View Full Version : Super-XX processing

Eric Constantineau
8-Mar-2010, 09:14
Hi all,

I have a box of 8x10 Super-XX I want to use.

Box says :
Kodak Super-XX pan film, 4142, Estar thick base

Does anyone knows if it is ISO 200 ?

And How about processing... Did anyone processed super-XX here ? HC-110 ?


Robert Hughes
8-Mar-2010, 09:31
What's Google say? In 1/10 second I found 34,400 references on the Web, and the very first link I clicked on gave me all the information you want to know.

Wanna know what it is? :confused:

Wouldn't you like to know ... :p

Or, as the old fahrts would say - DYODD.

Daniel Stone
8-Mar-2010, 09:46
last time I read up about super-xx, I read it was discontinued in '94 or '95. so that would give you approximately 15 years or so o.o.d. film in your hands, minimum.

I would shoot a scene of normal contrast, using the dakrslide in camera to do a "test strip" on a single sheet of film.

like this(just in case you can't understand my writing above, I'll explain in *detail*)

1. Take loaded film holder, compose, meter(a scene of preferably normal contrast)
2. Withdraw darkslide approx. 2" or so, shoot @iso 100(no use shooting iso 200 on film this old, even frozen). Keep w'd'ing darkslide, exposing in 1 stop increments until you get the slide all the way out, 2-3" increments for every exposure change. KEEP YOUR EXPOSURE THE SAME FOR ALL THE SHOTS, just like a test strip in the darkroom for a print.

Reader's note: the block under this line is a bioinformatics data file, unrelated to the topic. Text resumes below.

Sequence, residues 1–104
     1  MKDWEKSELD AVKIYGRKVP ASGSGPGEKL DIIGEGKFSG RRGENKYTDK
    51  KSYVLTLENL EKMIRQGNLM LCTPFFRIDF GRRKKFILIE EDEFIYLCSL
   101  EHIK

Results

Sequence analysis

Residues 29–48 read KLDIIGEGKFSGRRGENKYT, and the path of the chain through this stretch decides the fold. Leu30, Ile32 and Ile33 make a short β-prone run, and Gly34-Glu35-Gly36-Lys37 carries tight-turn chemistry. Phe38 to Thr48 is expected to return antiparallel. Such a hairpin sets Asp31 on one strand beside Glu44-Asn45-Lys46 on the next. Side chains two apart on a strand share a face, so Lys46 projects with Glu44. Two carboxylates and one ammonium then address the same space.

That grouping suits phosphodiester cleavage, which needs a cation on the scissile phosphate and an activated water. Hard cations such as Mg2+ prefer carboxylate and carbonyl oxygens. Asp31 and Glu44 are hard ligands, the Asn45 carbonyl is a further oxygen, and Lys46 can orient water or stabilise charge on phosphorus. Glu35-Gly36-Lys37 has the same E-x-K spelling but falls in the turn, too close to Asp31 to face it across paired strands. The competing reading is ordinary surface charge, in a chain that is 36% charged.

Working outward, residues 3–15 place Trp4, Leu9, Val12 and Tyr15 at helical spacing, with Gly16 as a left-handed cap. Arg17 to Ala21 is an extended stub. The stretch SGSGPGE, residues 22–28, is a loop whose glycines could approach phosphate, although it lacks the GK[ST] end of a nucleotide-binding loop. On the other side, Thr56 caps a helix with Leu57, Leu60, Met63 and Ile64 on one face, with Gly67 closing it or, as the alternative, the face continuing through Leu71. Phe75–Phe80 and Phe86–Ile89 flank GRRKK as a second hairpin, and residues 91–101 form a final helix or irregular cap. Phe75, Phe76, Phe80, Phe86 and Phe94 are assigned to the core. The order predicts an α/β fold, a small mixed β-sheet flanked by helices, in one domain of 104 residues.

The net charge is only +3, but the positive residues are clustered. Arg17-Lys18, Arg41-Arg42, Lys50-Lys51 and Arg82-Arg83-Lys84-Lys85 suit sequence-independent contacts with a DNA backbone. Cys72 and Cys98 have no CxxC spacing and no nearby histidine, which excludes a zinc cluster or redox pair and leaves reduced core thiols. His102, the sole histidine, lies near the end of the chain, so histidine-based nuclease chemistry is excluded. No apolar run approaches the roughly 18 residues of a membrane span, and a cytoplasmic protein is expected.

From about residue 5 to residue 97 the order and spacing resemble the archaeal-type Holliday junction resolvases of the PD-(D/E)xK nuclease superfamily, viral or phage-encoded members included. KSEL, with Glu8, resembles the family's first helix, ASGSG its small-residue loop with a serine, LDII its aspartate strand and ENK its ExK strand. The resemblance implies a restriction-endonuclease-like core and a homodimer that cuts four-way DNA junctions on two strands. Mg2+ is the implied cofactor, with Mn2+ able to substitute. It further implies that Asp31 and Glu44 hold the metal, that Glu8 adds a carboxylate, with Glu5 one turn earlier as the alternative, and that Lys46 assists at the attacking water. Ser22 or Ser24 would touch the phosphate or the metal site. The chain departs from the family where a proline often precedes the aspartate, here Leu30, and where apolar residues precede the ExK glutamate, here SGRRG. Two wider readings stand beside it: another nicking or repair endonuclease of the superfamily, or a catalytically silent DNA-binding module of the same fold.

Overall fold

3. Unload film from holder in darkroom.
4. Cut film into 4-2" strips, and process each at a time that would give you normal contrast with your choice of dev.

you might have to do this a few times, so you might just want to shoot 3 or 4 sheets of film of the same scene for testing purposes. use the extra strips for determining +/- development too, if you want(recommended)

oh... and if you actually plan on printing from these negs(not the test negs), you'll need to fit your film development TO THE PAPER you'll use, just like normal.

try out HC-110, or try pyro. preferably a dev you're already comfortable with for current dated films


8-Mar-2010, 10:16
Might want to ask at Michael Smith's site since he still uses Super XX. He will answer ABC pyro I'm sure, but others may answer as well with different ideas.


Michael Kadillak
8-Mar-2010, 10:33
I picked up 5 boxes of 4x5 Super XX from the early 1990's and fixed a test sheet to see how much fog was present and was surprised that it was not that bad. Keeping it in a freezer is a good idea. The amazing this about this film is that it can print through an amazing amount of fog and still produce marvelous prints because the density curve goes to the moon on a straight line. I saw Michael Smith print negatives that had such edge fog that the film could be used to protect your eyes when welding. If you are going to contact print this film I would go with ABC pyro. That is what I am planning to use because I know that it works. If I wanted to projection print with it I would used pyrocat (because it is a finer developer) or HC110, D76 or ? Have fun.